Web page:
Martin Heidegger, on the Hand and the Typewriter (1942-43)
Literature in a Postprint World
|Man himself acts [handelt] through the hand [Hand]; for the
hand is, together with the word, the essential distinction of man.
Only a being which, like man, "has" the word (μύϑοϛ, λόγος), can and
must "have" "the hand." Through the hand occur both prayer and
murder, greeting and thanks, oath and signal, and also the "work" of
the hand, the "hand-work," and the tool. The handshake seals the
covenant. The hand brings about the "work" of destruction. The hand
exists as hand only where there is disclosure and concealment. No
animal has a hand, and a hand never originates from a paw or a claw
or talon. Even the hand of one in desperation (it least of all) is
never a talon, with which a person clutches wildly. The hand sprang
forth only out of the word and together with the word. Man does not
"have" hands, but the hand holds the essence of man, because the
word as the essential realm of the hand is the ground of the essence
of man. The word as what is inscribed and what appears to the regard
is the written word, i.e., script. And the word as script is
It is not accidental that modern man writes "with" the typewriter and "dictates" [diktiert] (the same word as "poetize" [Dichten]) "into" a machine. This "history" of the kinds of writing is one of the main reasons for the increasing destruction of the word. The latter no longer comes and goes by means of the writing hand, the properly acting hand, but by means of the mechanical forces it releases. The typewriter tears writing from the essential realm of the hand, i.e., the realm of the word. The word itself turns into something "typed." Where typewriting, on the contrary, is only a transcription and serves to preserve the writing, or turns into print something already written, there it has a proper, though limited, significance. In the time of the first dominance of the typewriter, a letter written on this machine still stood for a breach of good manners. Today, a hand-written letter is an antiquated and undesired thing; it disturbs speed reading. Mechanical writing deprives the hand of its rank in the realm of the written word and degrades the word to a means of communication. In addition, mechanical writing provides this "advantage," that it conceals the handwriting and thereby the character. The typewriter makes everyone look the same....
Therefore when writing was withdrawn from the origin of its essence, i.e., from the hand, and was transferred to the machine, a transformation occurred in the relation of Being to man. It is of little importance for this transformation how many people actually use the typewriter and whether there are some who shun it. It is no accident that the invention of the printing press coincides with the inception of the modern period. The word-signs become type, and the writing stroke disappears. The type is "set," the set becomes "pressed." This mechanism of setting and pressing and "printing" is the preliminary form of the typewriter. In the typewriter we find the irruption of the mechanism in the realm of the word. The typewriter leads again to the typesetting machine. The press becomes the rotary press. In rotation, the triumph of the machine comes to the fore. Indeed, at first, book printing and then machine type offer advantages and conveniences, and these then unwittingly steer preferences and needs to this kind of written communication. The typewriter veils the essence of writing and of the script. It withdraws from man the essential rank of the hand, without man's experiencing this withdrawal appropriately and recognizing that it has transformed the relation of Being to his essence.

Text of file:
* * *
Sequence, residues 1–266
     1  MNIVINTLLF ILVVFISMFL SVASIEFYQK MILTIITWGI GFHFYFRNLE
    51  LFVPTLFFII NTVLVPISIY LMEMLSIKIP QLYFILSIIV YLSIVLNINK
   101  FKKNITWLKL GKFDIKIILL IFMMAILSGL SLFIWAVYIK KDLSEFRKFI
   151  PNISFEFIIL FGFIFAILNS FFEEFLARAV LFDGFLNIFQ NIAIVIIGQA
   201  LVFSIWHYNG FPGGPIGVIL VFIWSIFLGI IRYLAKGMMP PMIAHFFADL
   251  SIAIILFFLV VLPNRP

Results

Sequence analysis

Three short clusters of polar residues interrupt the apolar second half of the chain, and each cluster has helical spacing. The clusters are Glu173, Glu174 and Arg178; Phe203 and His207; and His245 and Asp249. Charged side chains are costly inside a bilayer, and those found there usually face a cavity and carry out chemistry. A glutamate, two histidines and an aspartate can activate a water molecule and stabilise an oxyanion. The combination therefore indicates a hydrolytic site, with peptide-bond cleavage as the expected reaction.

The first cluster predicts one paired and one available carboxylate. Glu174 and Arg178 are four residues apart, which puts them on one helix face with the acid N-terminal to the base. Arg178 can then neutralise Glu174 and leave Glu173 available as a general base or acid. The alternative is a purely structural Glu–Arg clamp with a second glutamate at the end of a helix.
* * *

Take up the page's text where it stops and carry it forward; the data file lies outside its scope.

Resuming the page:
The typewriter is a signless cloud, i.e., a withdrawing concealment in the midst of its very obtrusiveness, and through it the relation of Being to man is transformed. It is in fact signless, not showing itself as to its essence; perhaps that is why most of you, as is proven to me by your reaction, though well-intended, have not grasped what I have been trying to say.
I have not been presenting a disquisition on the typewriter itself, regarding which it could justifiably be asked what in the world that has to do with Parmenides. My theme was the modern relation (transformed by the typewriter) of the hand to writing, i.e., to the word, i.e., to the unconcealedness of Being. A meditation on unconcealedness and on Being does not merely have something to do with the didactic poem of Parmenides, it has everything to do with it. In the typewriter the machine appears, i.e., technology appears, in an almost quotidian and hence unnoticed and hence signless relation to writing, i.e., to the word, i.e., to the distinguishing essence of man. A more penetrating consideration would have to recognize here that the typewriter is not really a machine in the strict sense of machine technology, but is an "intermediate" thing, between a tool and a machine, a mechanism. Its production, however, is conditioned by machine technology.
This "machine," operated in the closest vicinity to the word, is in use; it imposes its own use. Even if we do not actually operate this machine, it demands that we regard it if only to renounce and avoid it. This situation is constantly repeated everywhere, in all relations of modern man to technology. Technology is entrenched in our history.
from Parmenides (1942-43), trans. Andre Schuwer and Richard Rojcewicz. Bloomington, IN: Indiana UP, 1992, 80-81 and 85-86.